Salvaging India's Warship Programme
 
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Salvaging India's Warship Programme

      1/8/2008

A missile can sink a warship, but a delay can sink an entire warship programme. A major bottleneck in the Indian Navy's surge towards indigenously building all its warships is the long time being taken to design the vessels. The navy says that the shipyards take so long to build warships that new technology comes in, forcing a redesign to prevent ships being obsolescent even before they are inducted. The shipyards counter with the argument that constant redesign by the navy delays shipbuilding unacceptably.

Today, largely because of constant redesigning, India takes almost ten years to build a warship and introduce it into the fleet. But now all this could change with the dockyards going global. A search has been launched for an international design partner with which Mazagon Docks Limited in Mumbai (MDL) will set up an internationally registered private joint venture (JV) that will not just design warships but also function globally as a private design centre.

The process of design is currently a complicated one. When the navy is sanctioned a new line of warships (typically 3-6 vessels), naval designers first produce a "conceptual design" and then a "functional design". These lay down broad outlines, for example the number of decks, the positioning of weapons and the general layout. Based on that, the shipyard produces a "detailed design", which is comprehensively vetted by the navy, a complex and time-consuming process, which the shipyards believe they have the competence and experience to handle alone. The new design centres, shipyards expect, will add to their credibility.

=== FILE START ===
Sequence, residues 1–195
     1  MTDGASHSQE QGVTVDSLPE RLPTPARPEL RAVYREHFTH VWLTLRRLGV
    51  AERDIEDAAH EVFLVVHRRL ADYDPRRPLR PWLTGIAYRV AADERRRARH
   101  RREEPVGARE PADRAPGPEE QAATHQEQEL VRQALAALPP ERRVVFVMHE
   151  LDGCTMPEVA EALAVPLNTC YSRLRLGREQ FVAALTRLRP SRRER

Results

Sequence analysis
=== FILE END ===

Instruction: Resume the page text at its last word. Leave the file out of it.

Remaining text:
Shipbuilding may also be speeded up by the Ministry of Defence's plan to make each of its three shipyards - MDL, GRSE and Goa Shipyard Limited (GSL) - specialise in building a particular type of warship. Currently, only MDL has the facilities to produce larger warships, like the Kolkata Class destroyers, but the smaller craft are divided up among all three yards, which reduces the incentive to specialise.

MDL and GRSE both produce frigates, while the smaller vessels are distributed, depending upon current workload, between GRSE and GSL. Now, before modernising shipyards with "modular" shipbuilding facilities, the MoD is asking an international consultant to examine which yard is suited to build which vessel.


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